On this day last year, I posted two charts that I developed using the Minneapolis Federal Reserve Bank’s interactive website.
Those two charts showed that the current recovery was very weak compared to the boom of the early 1980s.
But perhaps that was an unfair comparison. Maybe the Reagan recovery started strong and then hit a wall. Or maybe the Obama recovery was the economic equivalent of a late bloomer.
So let’s look at the same charts, but add an extra year of data. Does it make a difference?
Meh…not so much.
Let’s start with the GDP data. The comparison is striking. Under Reagan’s policies, the economy skyrocketed. Heck, the chart prepared by the Minneapolis Fed doesn’t even go high enough to show how well the economy performed during the 1980s.
Under Obama’s policies, by contrast, we’ve just barely gotten back to where we were when the recession began. Unlike past recessions, we haven’t enjoyed a strong bounce. And this means we haven’t recovered the output that was lost during the downturn.
This is a damning indictment of Obamanomics
Indeed, I made this point several months ago when analyzing some work by Nobel laureate Robert Lucas. And it’s been highlighted more recently by James Pethokoukis of the American Enterprise Institute and the news pages of the Wall Street Journal.
Unfortunately, the jobs chart is probably even more discouraging. As you can see, employment is still far below where it started.
This is in stark contrast to the jobs boom during the Reagan years.
So what does this mean? How do we measure the human cost of the foregone growth and jobs that haven’t been created?
Writing in today’s Wall Street Journal, former Senator Phil Gramm and budgetary expert Mike Solon compare the current recovery to the post-war average as well as to what happened under Reagan.
If in this “recovery” our economy had grown and generated jobs at the average rate achieved following the 10 previous postwar recessions, GDP per person would be $4,528 higher and 13.7 million more Americans would be working today. …President Ronald Reagan’s policies ignited a recovery so powerful that if it were being repeated today, real per capita GDP would be $5,694 higher than it is now—an extra $22,776 for a family of four. Some 16.9 million more Americans would have jobs.
By the way, the Gramm-Solon column also addresses the argument that this recovery is anemic because the downturn was caused by a financial crisis. That’s certainly a reasonable argument, but they point out that Reagan had to deal with the damage caused by high inflation, which certainly wreaked havoc with parts of the financial system. They also compare today’s weak recovery to the boom that followed the financial crisis of 1907.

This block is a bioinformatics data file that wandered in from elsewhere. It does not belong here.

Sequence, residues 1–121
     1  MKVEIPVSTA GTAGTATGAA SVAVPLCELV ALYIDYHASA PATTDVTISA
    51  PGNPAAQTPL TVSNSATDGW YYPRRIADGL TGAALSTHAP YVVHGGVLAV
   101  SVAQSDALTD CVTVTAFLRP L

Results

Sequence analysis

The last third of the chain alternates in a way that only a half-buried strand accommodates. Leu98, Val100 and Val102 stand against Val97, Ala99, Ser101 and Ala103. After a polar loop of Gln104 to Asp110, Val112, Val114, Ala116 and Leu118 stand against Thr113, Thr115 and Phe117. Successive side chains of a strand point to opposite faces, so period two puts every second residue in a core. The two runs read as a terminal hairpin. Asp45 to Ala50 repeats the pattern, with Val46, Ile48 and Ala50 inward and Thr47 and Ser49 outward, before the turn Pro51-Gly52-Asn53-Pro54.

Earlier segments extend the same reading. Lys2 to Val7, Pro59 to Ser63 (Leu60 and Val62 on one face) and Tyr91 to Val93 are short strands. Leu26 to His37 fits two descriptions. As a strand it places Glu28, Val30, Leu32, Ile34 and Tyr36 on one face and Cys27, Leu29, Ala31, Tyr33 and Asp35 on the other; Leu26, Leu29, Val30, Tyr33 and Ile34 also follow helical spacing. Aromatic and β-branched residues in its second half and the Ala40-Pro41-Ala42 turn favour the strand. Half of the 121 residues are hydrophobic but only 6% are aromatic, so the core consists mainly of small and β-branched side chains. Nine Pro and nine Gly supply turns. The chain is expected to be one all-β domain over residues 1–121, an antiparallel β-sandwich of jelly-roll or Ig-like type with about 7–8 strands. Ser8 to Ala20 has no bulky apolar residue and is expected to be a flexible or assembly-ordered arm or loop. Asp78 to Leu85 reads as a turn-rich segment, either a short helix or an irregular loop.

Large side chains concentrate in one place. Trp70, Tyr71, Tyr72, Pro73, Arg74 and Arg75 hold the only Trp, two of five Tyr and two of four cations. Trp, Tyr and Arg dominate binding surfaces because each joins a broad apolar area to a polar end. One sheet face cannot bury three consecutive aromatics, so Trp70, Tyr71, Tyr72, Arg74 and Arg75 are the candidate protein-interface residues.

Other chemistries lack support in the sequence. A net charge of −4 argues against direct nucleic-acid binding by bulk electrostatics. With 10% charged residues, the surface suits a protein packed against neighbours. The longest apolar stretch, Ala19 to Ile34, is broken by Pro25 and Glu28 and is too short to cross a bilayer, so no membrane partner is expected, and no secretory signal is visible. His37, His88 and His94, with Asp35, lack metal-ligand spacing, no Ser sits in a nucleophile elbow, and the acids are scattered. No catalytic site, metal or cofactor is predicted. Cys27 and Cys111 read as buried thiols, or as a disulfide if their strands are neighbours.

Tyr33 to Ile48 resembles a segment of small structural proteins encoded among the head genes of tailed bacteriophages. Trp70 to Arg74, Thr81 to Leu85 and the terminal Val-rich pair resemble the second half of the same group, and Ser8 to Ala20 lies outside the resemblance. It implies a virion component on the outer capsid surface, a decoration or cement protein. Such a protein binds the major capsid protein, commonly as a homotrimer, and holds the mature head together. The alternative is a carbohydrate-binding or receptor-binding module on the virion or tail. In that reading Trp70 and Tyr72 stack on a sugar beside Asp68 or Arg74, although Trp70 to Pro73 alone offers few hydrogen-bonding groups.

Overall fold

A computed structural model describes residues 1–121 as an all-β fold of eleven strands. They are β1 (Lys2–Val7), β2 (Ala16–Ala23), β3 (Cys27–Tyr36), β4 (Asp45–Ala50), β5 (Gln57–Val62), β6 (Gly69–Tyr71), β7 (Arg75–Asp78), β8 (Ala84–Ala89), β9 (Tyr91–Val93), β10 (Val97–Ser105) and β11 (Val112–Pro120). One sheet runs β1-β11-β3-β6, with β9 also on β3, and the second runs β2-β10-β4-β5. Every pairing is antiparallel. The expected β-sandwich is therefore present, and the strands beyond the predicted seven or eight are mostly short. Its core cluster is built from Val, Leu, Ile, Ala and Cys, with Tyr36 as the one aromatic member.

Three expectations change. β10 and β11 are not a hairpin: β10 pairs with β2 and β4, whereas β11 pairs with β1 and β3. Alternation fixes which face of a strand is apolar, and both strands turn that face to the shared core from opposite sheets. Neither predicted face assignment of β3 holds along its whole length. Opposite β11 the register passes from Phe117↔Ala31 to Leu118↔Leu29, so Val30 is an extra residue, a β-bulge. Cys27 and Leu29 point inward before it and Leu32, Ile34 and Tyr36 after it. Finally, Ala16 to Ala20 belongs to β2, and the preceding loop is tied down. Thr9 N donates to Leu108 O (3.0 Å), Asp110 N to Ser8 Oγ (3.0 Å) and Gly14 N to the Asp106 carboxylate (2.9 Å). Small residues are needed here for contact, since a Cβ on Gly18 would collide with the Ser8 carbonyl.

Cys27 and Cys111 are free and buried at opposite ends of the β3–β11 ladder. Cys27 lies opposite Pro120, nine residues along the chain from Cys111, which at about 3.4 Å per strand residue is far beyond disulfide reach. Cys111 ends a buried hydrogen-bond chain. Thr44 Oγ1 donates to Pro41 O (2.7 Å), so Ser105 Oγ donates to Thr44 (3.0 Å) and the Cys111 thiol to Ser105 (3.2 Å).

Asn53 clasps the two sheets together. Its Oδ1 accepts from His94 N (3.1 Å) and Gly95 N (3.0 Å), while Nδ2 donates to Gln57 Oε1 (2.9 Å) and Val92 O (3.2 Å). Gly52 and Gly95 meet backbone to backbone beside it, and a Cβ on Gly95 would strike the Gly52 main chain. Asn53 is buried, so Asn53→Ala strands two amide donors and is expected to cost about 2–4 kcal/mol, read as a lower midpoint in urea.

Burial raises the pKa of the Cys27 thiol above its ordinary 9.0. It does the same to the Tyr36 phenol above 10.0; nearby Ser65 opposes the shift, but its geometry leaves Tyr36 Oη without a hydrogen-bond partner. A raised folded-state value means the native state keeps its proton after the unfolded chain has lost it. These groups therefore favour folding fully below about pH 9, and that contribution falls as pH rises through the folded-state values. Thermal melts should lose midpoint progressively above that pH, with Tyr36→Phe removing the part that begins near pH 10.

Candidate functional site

But I want to make a different point. As I’ve written before, Obama is not responsible for the current downturn. Yes, he was a Senator and he was part of the bipartisan consensus for easy money, Fannie/Freddie subsidies, bailout-fueled moral hazard, and a playing field tilted in favor of debt, but his share of the blame wouldn’t even merit an asterisk.
My problem with Obama is that he hasn’t fixed any of the problems. Instead, he has kept in place all of the bad policies – and in some cases made them worse. Indeed, I challenge anyone to identify a meaningful difference between the economic policy of Obama and the economic policy of Bush.
- Bush increased government spending. Obama has been increasing government spending.
- Bush adopted Keynesian “stimulus” policies. Obama adopted Keynesian “stimulus” policies.
- Bush bailed out politically connected companies. Obama has been bailing out politically connected companies.
- Bush supported the Fed’s easy-money policy. Obama has been supporting the Fed’s easy-money policy.
- Bush created a new healthcare entitlement. Obama created a new healthcare entitlement.
- Bush imposed costly new regulations on the financial sector. Obama imposed costly new regulations on the financial sector.
I could continue, but you probably get the point. On economic issues, the only real difference is that Bush cut taxes and Obama is in favor of higher taxes. Though even that difference is somewhat overblown since Obama’s tax policies – up to this point – haven’t had a big impact on the overall tax burden (though that could change if his plans for higher tax rates ever go into effect).
This is why I always tell people not to pay attention to party labels. Bigger government doesn’t work, regardless of whether a politician is a Republican or Democrat. The problem isn’t Obamanomics, it’s Bushobamanomics. But since that’s a bit awkward, let’s just call it statism.
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